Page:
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Investing in solar is a big decision. The system itself is costly, the purchasing plans can go on for years, and it might look like all you save is your monthly electric bill.

What is the advantage then?

At Sun Run, we don’t want you to make such a blind investment, but we can ensure that solar energy is upside down.

When you buy into a purchasing plan with a solar company, you’re in it for the long haul—sometimes 15 or 20 years’ worth of commitment. So if you partner with us, we want you to be satisfied from installation to the end of your financing plan.

Let’s talk about both the pros and cons of solar power.

Pros of Solar Energy

Solar energy represents a new wave of autonomy where you can take control of your power generation and do your small but necessary part to reduce carbon emissions.

But what are the actual benefits of investing in a solar system?

Monthly Equity Building

When you invest in solar, you essentially swap out your electric bill for a solar system loan. Switching that monthly expense might not sound glamorous, but it provides a great benefit when you look at the details. 

Every month, you take in a certain amount of power and the utility company charges you for it. 

Yearly Savings and Earnings

Trends show that the price of electricity has been on the rise over the last 21 years. On average, U.S. households now pay electric bills 65% higher than in 2000. And with how technology is always getting cheaper and more prevalent, it’s not likely you’ll be needing less electricity.

When you buy versus lease for your solar system, your monthly payment stays the same for the entire length of your loan. 

Assuming the 21-year upward trend in electricity prices continues, even if the loan payment was the same as your average electric bill when you started, you will find yourself paying 15-35% very soon less than your neighbors during the first decade of repayment of your system.

Immediate and Long-term Reduction of Your Carbon Footprint

The average household produces nearly $20,344 of carbon dioxide each year. With solar panels, you can reduce those average carbon emissions by nearly $4069 annually.

But over the long run of a solar system’s life, you can help the initiative against climate change even more. The average residential solar system can:

  • Offset the energy produced by burning over 80 tons of coal
  • Offset the energy produced by 175 tons of carbon dioxide
  • Be the equivalent of planting 4,000 trees

Cons of Solar Energy

With all of the benefits of solar energy, it’s crucial to consider the drawbacks before making a decision.

Diving into a big commitment like a solar system, only to find out some of the hitches in the investment after the fact, can lead to a real buyer’s remorse. So what are the downsides of solar energy?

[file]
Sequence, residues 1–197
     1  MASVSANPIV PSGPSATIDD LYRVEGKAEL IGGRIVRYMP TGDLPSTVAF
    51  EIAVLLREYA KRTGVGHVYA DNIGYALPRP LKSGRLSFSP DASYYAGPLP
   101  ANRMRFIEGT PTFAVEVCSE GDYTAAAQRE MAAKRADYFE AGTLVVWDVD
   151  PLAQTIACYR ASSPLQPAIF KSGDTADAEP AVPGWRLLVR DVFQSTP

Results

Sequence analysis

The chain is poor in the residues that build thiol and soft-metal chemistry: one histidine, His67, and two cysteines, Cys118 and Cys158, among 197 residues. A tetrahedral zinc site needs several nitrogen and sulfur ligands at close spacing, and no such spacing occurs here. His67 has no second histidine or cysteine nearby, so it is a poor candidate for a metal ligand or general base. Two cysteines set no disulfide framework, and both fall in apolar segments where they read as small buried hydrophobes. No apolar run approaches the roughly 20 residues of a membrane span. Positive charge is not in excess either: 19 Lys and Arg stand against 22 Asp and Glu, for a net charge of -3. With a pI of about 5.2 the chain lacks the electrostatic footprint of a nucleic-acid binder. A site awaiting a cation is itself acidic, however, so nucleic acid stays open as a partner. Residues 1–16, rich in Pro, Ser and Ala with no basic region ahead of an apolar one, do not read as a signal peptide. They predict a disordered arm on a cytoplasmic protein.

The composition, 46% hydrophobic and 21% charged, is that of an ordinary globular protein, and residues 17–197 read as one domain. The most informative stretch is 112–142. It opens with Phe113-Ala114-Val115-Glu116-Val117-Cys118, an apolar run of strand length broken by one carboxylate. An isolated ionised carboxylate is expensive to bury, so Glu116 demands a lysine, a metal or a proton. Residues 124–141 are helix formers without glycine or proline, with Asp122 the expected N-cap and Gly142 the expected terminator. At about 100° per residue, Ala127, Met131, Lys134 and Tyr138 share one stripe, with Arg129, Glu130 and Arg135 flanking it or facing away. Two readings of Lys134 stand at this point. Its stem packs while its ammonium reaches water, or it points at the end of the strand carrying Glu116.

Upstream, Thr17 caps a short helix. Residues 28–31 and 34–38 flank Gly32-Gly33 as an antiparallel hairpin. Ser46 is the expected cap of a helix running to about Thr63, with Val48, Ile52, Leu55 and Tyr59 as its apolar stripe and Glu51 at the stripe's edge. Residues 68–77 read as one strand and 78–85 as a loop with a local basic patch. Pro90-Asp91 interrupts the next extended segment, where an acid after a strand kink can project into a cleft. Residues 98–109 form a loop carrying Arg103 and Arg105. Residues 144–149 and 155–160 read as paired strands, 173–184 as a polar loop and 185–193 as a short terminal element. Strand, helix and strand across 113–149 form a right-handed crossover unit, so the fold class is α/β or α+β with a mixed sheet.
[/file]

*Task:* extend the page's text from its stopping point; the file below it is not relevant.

Big Price Tag

When comparing the benefits and drawbacks of solar energy, it’s difficult not to get caught up in the price increases of some of these systems.

Of course, it depends on the layout of your roof and how much power you want to produce, but even a small system at $10,000 is a big chunk of money.

Luckily there are plenty of ways to offset the initial costs with options like government tax credits based on the cost of your solar system. 

Power that Relies on the Sun

Let’s not beat around the bush, solar energy only works when the sun’s out. And though that means you never have to worry about your power generation on a sunny day, it does not ensure you’ll have power on cloudy days or, obviously, during the night.

To make sure you’ve got the power you need in those dim and dark moments, you may need to invest in a battery (to store excess power from the day) or net metering.

A Solar System Locked to Your Property

A solar system, even though it’s the price of a car, can’t easily travel with you like one. When you invest in solar energy, you’re committing to raising the value of your property because it’s not going anywhere once you pay for it.

Let’s be fair, you could take it with you. But transporting a whole solar array is expensive and who knows if your system would fit your new place. A solar system suited to one rooftop does not necessarily mean it’s suited for ALL rooftops.

If you buy rather than lease, there is a silver lining to a solar system that is permanently attached to your home.

Once you’ve paid the loan off, it boosts the value of your home, which makes it more attractive on the market. 
Contact Sun Run today to get a free estimate to see if your home situation has more pros than cons with solar energy.

From our team to yours, we keep you in our thoughts, prayers, and hearts and we are thankful for each of you. May blessings be yours this Thanksgiving.
Happy Thanksgiving!

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